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Timber split

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Articles - April 2013
Monday, April 01, 2013
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0413 TimberSplit 05
Warm Springs Forest Products Industries supplies its mill in Jefferson County with logs from both eastern and western Oregon.
// Photo by Oregon Forest Resources Institute

Given the polarization in the west, there is some debate about whether Kitzhaber’s proposal will ever take off. And even in the east, Wyden’s proposed legislation does not satisfy everyone. Many timber officials grumble that Wyden threw the industry a bone; the “stewardship” strategy gave the environmentalists everything they asked for, including protection of larger trees, no clearcutting and other measures to protect watersheds and wildlife.

There are other unknowns, including the U.S. Forest Service and Bureau of Land Management, which control 60% of all Oregon forests and 70% of the forestlands in the east. They would have to agree to increased logging. The Malheur contract would also have to be the first of many to reignite the industry. Loggers and mill workers have retired or moved away, so their ranks would need to be filled once again for the plan to work.

Many of the mills that once finished eastern Oregon trees have closed, and substantial investment dollars would be needed to re-create the infrastructure, adds Charles McKetta, a principal with the Boise-based consulting firm Forest Econ and a co-author of The 2012 Forest Report for the Oregon Forest Resources Institute — a document that goes to great lengths to outline the east-west divide. Mill investors are leery because of the uncertainties surrounding the timber harvesting issue and the viability of thinning strategies as the key to reviving the industry, McKetta says.

Despite these hurdles, many believe stewardship/maintenance is the first step toward a harvest compromise in the east — a first step that has yet to be taken in the west. In the end, it’s hard to escape the irony of that geographic split. In the east, where the industry has been decimated by years of logging restrictions, a clear and undeniable crisis exists. Now a model for reviving that region’s industry is emerging. Environmentalists, timber executives, politicians and community leaders are finding a meeting of the minds and are cautiously moving ahead with a strategy that could — could — create jobs, produce taxes, support communities and restore bone-dry, choked, fire-prone forests to health.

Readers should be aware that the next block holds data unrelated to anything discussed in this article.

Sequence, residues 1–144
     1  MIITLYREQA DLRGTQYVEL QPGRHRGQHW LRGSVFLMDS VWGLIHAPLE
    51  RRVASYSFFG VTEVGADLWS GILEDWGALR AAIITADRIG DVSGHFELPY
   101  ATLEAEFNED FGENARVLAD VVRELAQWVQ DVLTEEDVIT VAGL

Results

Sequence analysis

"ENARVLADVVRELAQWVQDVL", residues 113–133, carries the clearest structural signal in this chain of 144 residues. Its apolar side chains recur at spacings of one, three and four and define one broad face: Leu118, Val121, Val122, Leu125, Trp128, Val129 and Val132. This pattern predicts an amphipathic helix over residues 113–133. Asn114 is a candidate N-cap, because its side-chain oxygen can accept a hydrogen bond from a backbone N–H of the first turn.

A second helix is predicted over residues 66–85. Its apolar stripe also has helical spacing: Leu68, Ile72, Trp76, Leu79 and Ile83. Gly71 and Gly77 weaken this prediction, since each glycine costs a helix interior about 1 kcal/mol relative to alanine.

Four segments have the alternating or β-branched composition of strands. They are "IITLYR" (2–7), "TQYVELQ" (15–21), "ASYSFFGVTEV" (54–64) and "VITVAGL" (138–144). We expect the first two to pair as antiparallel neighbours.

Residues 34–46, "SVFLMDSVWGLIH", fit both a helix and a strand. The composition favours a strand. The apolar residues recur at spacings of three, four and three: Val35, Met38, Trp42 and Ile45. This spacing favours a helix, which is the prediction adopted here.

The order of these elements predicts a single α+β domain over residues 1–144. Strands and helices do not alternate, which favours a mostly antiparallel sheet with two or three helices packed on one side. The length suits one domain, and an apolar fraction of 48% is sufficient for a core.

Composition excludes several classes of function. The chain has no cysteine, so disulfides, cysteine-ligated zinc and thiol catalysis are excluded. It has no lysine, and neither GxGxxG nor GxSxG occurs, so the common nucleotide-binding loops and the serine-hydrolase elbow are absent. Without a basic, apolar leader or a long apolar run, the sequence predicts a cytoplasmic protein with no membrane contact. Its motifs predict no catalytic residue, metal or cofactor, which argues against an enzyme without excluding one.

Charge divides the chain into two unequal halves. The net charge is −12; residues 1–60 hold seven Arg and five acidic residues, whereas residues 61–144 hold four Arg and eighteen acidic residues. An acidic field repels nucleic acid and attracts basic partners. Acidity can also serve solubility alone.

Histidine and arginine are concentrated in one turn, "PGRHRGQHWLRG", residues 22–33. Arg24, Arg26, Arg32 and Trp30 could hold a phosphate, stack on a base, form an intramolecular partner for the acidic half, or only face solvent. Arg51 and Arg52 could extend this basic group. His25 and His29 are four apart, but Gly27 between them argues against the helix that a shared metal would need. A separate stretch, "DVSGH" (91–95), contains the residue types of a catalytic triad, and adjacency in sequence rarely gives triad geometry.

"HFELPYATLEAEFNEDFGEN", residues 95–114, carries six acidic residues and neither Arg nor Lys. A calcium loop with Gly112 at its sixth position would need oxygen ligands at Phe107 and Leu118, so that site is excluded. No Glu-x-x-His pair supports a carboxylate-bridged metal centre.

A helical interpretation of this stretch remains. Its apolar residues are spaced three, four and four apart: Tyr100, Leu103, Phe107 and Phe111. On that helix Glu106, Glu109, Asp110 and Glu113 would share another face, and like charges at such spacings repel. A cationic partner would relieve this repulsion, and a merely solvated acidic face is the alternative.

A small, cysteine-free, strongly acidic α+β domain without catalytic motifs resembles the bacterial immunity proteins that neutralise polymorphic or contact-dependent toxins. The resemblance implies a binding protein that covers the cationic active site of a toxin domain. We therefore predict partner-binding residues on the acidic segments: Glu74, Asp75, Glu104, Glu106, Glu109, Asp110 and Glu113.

But in the west, where the infrastructure to support tree harvesting and processing remains largely in place, where trees continue to be cut, though in declining numbers, the crisis is not so palpable. The parties are dug into their positions, extremely wary of one another. The industry staunchly defends its right to harvest larger timber, while conservation groups just as steadfastly marshall the forces to thwart them. Meantime, mills run at far below capacity as communities slip further into poverty.

Wyden and Kitzhaber’s proposals both acknowledge that the disparate parties involved in the timber harvest debate share common interests. The environmentalists want healthier forests, the mill owners want trees, and stewardship means removing and processing trees and reinvigorating the forests. But whether a settlement in western Oregon can be negotiated in the absence of a complete industry collapse remains a troubling question. Meanwhile, in the east, the opposing parties seem to have reached an understanding — that a crisis is too good an opportunity to waste.

Dan Cook is a Portland-based freelance writer. He can be reached at This e-mail address is being protected from spambots. You need JavaScript enabled to view it .



 

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Guest
0 #1 mixed messagesGuest 2013-04-18 22:11:16
I keep learning as I travel how far in the forefront Oregon is in recycling and applauding our “Green” businesses. I was in Utah recently, they don’t recycle at all – they get bigger garbage cans. Oregonians are striving to cut down on plastic bags and switch to paper bags. While in China I traveled into the farm lands and was shocked at the amount of plastic bags along the roads, mixed in the dirt in the fiels, piled on the sides of their streams. Then in Vietnam something else really hit home – granite. They are tearing down their extremely artistic granite hills at an alarming speed. Marble is another product of the earth that is being used for everything from kitchen and bathroom counters to statues of Buddha. Mining and rock crushing also leave huge and permanent scars on our earth.

Then I ask why some people are against using wood for building homes, schools, buildings, etc. It is biodegradable, naturally reproduces itself, can also be planted for another harvest in 40 to 60 years does not harm the environment, can be used to produce electricity instead of blocking our rivers and is one of Oregon’s chief natural resources for producing financial growth. It’s perfect. Oregon is lucky.

One little side note – a little motor scooter puts out more harmful emissions than a wood burning co-generation plant that produces enough electricity to supply 13,000 homes.
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